ORLANDO, Fla. — Amid one of the worst affordable-housing crises in the nation, Orange County Mayor Jerry Demings and other Central Florida leaders on Friday hopped aboard a bus to tour affordable-home communities they touted as successes.

But, before they could highlight housing wins, Demings' Housing for All task force convened for the first time, during April's Fair Housing Month. More than 30 professionals from real estate, health care, energy, and the nonprofit sector sat for a roundtable discussion at the Orange County Administration Center in downtown Orlando, laying the framework for the next six months of meetings.

"Now is the time to roll up our sleeves... (and) develop a blueprint to tackle housing needs," Demings said, before having members introduce themselves.

The subcommittees will meet at least eight times, according to the county. In October, the group is set to make recommendations for how to solve the crisis.

"Those who are building houses are building homes that are more expensive," Demings said. "We're going to have to do a workaround to create things like land trusts in this community, be innovative in our approach to taking existing nonresidential structures and adapting them."

However, the county mayor said solving the affordable housing crisis takes more than creating housing stock. Central Florida was recently ranked the worst in the country for affordable housing. Its the primarily service-based economy has been accompanied by lower wages. So diversifying the economy and better preparing the workforce for high-tech and health-science jobs is key, Demings said.

Demings also said that local governments need to streamline land-use processes to speed along projects, access state funding and form public-private partnerships.

One example is Habitat for Humanity's Arbor Bend community, one of the stops on the Fair Housing Bus Tour.

"Our development in Arbor Bend has been an amazing collaboration with Orange County, and to be able to showcase how Habitat is dealing in and around the housing spectrum is a proud moment for us," said Catherine McManus, Habitat for Humanity of Greater Orlando's president and CEO.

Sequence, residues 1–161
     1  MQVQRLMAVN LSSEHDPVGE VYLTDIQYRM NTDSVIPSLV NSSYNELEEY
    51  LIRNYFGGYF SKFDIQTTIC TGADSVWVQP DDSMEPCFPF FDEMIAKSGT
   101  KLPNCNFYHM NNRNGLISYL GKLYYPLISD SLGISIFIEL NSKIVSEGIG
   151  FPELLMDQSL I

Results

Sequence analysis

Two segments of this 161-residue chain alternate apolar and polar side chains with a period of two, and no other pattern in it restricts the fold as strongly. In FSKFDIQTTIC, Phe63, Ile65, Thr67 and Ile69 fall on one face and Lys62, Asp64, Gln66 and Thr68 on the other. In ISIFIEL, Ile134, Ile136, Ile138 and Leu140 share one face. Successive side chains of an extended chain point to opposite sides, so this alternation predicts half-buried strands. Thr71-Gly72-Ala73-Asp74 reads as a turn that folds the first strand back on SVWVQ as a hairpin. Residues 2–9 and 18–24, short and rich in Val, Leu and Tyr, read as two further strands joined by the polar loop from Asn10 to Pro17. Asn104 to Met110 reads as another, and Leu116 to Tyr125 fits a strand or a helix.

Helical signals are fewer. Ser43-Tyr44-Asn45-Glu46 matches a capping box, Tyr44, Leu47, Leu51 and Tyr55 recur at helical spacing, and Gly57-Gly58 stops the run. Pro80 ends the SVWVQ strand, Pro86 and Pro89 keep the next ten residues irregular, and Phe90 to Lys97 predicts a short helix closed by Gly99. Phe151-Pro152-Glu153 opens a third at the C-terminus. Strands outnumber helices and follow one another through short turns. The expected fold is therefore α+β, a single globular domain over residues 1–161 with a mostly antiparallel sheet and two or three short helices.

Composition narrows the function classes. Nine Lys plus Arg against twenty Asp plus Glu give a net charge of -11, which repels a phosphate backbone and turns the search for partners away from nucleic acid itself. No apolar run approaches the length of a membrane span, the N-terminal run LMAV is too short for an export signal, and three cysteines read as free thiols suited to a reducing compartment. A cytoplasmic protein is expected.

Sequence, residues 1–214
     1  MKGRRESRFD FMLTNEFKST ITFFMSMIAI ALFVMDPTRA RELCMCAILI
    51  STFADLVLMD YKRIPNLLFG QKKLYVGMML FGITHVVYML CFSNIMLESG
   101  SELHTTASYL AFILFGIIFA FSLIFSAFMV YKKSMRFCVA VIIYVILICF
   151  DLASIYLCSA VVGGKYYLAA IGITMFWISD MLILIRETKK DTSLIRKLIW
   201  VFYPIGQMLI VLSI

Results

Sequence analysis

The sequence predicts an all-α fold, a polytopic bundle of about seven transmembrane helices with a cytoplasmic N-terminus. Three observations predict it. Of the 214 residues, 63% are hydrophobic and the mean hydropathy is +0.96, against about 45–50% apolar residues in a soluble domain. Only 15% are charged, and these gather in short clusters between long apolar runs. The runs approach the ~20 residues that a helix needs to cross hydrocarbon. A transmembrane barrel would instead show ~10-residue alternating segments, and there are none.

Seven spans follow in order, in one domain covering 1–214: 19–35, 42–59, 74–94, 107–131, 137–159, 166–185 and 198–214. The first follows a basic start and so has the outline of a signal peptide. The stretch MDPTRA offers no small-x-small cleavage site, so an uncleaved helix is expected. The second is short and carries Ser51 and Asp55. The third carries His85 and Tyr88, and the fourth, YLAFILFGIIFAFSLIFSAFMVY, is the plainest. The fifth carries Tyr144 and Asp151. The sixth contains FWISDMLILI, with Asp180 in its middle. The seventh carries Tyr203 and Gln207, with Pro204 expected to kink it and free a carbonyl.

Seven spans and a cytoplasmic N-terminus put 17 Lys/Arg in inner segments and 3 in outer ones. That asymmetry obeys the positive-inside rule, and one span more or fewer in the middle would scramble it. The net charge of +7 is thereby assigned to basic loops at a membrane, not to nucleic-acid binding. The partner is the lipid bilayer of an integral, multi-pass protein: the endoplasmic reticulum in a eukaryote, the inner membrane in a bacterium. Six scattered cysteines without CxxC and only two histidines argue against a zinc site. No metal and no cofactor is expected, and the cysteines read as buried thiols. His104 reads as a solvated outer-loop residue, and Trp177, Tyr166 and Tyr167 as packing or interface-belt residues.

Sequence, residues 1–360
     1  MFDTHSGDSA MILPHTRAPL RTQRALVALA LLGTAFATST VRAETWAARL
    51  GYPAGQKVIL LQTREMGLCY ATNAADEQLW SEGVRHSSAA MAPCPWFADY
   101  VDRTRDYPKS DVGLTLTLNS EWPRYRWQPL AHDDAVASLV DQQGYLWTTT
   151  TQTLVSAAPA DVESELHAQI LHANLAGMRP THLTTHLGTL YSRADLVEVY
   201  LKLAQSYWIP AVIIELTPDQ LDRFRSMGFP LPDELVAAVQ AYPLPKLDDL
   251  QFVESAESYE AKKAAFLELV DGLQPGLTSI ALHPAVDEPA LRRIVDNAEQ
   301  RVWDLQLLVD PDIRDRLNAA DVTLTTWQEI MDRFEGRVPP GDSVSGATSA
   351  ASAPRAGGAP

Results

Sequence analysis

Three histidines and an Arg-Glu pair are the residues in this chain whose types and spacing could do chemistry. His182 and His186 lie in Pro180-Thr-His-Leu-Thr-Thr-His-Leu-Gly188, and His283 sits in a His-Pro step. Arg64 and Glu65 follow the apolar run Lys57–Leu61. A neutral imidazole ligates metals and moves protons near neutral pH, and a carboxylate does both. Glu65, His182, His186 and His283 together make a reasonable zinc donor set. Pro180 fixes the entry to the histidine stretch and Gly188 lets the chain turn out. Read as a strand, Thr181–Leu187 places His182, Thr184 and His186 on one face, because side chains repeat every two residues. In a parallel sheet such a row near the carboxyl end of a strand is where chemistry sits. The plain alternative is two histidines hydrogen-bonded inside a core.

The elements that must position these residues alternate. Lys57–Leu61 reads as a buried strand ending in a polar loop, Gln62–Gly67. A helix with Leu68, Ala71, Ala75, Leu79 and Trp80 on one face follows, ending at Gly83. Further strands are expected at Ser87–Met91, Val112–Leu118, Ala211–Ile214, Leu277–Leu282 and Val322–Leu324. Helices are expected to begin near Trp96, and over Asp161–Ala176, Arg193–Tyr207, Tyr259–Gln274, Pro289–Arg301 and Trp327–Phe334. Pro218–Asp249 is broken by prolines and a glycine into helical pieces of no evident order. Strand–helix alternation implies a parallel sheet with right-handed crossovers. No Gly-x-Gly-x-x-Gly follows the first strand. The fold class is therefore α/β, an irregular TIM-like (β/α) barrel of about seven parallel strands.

Orange County government collaborated with the nonprofit, donating land and $1.7 million to get the process off the ground, Demings said. Habitat then harnessed donations and rallied local builders to keep costs down, building 34 homes in south Apopka.

"We're doing our best to help hardworking individuals and families have that American dream of purchasing their own home, not just buy the home itself, but also by educating and empowering them through classes and sweat equity as they help their own neighbor build their house," McManus said.

One of those first-time homebuyers was Shawntia Benton.

Last April, Spectrum News 13 profiled Benton, who had struggled for years to find housing she could afford for herself, her 4-year-old son and unborn baby. Then Benton contacted Habitat to learn about Arbor Bend.

"I was like, 'Baby, Mommy's going to get you your own one bedroom, and it's going to be a house.' He's like, 'Really Mommy?'" said Benton last spring.

The bus tour left from the Orange County Administration Center at 11 a.m., stopping first at Brixton Landing, an affordable housing community for seniors located along 13th Street in Apopka.

"In my dream world, I'd no longer have a job, because everyone would have an affordable house. Unfortunately, I don't think that's going to happen in my lifetime. I want to see people come together on creative solution," McManus said. "It's not just a 'you or me or them' issue. Everyone has the right to fair, decent and affordable housing."